WASHINGTON, March 11 (Xinhua) -- U.S. space agency NASA said Tuesday its scientists are working to restore the long-lived Mars Reconnaissance Orbiter to full operations after the spacecraft suffered a computer glitch Sunday.
The Mars orbiter put itself into a precautionary safe standby mode on March 9 after an unscheduled swap from one main computer to another, NASA said.
"The spacecraft is healthy, in communication and fully powered, " Mars Reconnaissance Orbiter Project Manager Dan Johnston of NASA 's Jet Propulsion Laboratory said in a statement.
"We have stepped up the communication data rate, and we plan to have the spacecraft back to full operations within a few days," Johnston said.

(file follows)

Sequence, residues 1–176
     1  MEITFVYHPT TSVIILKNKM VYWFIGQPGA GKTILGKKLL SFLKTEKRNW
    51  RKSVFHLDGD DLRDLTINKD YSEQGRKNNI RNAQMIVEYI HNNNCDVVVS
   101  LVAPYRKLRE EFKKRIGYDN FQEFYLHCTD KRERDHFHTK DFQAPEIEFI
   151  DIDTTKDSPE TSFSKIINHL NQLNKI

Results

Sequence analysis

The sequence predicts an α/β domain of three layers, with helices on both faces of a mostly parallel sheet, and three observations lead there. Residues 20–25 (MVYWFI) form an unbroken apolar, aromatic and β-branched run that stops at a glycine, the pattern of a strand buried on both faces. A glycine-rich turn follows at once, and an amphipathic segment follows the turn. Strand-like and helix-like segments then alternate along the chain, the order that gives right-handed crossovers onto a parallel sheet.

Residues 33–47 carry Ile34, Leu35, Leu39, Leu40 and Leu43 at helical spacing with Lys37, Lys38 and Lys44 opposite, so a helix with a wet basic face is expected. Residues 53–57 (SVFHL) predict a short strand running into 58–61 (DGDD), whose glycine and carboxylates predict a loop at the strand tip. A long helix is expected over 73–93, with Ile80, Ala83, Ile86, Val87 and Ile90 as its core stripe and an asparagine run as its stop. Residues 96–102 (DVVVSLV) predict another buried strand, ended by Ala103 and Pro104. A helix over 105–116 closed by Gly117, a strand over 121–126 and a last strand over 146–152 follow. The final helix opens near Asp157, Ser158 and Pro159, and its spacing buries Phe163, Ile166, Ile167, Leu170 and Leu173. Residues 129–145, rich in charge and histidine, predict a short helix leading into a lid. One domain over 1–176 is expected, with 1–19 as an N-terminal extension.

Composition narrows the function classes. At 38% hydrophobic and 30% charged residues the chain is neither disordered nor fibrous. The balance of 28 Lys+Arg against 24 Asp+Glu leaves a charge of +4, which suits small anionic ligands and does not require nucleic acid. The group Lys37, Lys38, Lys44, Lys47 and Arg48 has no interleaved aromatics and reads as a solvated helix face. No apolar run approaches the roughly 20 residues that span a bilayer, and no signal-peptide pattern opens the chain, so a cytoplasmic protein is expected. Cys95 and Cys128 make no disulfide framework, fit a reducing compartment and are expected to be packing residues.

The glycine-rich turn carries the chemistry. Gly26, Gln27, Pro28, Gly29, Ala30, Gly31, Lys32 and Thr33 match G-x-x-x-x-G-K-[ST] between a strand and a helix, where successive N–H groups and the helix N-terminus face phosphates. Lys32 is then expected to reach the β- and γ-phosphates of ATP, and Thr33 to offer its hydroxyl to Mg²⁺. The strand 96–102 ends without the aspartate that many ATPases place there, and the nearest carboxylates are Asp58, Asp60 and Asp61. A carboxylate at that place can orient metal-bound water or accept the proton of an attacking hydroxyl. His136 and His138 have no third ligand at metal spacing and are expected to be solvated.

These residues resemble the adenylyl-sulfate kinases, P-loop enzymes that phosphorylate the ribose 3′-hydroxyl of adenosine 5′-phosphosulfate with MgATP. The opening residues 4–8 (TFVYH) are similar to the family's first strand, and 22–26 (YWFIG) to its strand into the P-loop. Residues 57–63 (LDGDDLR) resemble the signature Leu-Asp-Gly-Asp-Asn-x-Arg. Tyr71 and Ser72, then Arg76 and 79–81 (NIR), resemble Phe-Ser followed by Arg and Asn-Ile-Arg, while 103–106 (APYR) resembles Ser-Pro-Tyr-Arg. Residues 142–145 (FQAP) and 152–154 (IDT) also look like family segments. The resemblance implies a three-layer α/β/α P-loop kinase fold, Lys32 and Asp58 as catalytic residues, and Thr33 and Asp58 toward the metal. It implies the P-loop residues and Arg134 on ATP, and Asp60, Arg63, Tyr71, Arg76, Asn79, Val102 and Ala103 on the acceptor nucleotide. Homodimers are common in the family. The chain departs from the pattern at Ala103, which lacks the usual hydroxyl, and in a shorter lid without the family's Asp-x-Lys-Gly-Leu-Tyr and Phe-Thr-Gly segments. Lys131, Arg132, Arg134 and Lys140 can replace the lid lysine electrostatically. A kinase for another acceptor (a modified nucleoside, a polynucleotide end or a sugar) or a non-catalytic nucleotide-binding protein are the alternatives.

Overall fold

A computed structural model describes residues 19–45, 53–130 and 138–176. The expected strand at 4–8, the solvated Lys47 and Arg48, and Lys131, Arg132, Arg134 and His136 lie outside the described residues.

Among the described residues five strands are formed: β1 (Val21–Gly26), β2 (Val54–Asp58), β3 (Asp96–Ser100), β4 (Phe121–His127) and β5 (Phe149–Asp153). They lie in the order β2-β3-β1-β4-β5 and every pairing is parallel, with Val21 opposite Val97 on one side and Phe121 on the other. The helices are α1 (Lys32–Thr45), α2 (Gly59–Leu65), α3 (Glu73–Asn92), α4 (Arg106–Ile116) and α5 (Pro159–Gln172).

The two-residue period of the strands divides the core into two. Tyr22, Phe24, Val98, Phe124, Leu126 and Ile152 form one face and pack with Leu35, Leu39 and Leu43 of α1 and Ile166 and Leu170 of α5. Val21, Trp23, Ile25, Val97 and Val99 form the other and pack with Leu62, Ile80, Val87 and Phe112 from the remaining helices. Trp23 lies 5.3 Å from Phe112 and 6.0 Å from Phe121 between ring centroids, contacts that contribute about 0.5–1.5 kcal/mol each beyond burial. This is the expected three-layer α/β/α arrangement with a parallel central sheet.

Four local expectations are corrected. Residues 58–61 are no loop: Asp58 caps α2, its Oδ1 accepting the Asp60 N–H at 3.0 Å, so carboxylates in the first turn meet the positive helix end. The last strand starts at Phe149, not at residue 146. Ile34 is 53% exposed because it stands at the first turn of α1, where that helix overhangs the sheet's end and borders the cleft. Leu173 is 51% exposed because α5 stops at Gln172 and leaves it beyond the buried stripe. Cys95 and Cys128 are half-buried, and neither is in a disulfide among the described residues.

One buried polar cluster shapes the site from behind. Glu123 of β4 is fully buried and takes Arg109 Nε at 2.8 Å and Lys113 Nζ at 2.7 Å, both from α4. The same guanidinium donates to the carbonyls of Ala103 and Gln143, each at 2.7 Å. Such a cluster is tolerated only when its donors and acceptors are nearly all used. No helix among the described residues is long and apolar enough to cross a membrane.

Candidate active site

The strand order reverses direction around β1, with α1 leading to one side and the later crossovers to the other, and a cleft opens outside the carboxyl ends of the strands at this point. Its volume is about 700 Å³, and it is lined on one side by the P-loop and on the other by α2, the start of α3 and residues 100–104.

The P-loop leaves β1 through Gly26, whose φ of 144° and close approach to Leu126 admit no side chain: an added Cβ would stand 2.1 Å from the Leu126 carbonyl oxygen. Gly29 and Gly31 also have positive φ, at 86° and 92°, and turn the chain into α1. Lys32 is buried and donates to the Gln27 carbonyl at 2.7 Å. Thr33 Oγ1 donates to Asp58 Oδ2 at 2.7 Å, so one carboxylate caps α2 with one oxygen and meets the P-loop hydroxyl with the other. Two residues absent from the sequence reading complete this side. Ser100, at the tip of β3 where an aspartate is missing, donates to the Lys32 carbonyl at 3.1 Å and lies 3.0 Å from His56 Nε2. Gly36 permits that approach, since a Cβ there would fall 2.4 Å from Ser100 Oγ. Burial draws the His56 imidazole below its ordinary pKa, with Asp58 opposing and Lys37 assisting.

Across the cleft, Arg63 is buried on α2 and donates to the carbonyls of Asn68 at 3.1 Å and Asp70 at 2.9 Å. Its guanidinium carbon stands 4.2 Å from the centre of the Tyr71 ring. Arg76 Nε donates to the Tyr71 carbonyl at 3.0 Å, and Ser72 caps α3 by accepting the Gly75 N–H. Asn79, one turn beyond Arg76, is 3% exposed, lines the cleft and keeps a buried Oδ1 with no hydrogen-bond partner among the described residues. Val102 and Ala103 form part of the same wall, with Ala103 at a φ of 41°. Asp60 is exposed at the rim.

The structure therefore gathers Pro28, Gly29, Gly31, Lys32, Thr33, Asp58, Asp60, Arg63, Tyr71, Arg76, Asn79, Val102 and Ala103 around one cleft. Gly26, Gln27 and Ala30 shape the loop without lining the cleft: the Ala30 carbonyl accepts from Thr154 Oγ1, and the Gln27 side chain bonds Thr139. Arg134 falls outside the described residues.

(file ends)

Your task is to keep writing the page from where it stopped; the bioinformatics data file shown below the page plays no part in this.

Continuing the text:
So far, the spacecraft's science observations and its relaying of communications from NASA's two active Mars rovers have been suspended, the agency said.
The rovers continue to use NASA's Mars Odyssey orbiter as a communications relay, it noted.
According to NASA, the Mars Reconnaissance Orbiter has experienced unplanned computer swaps triggering safe-mode entry four times previously, most recently in November 2011.
The root cause of the previous events has not been determined, it added.
The spacecraft has also experienced safe-mode entries that have not involved computer swaps.
The Mars Reconnaissance Orbiter entered orbit around Mars eight years ago. The primary mission is scheduled for only two years, and the spacecraft is now on its third extension that began in 2012.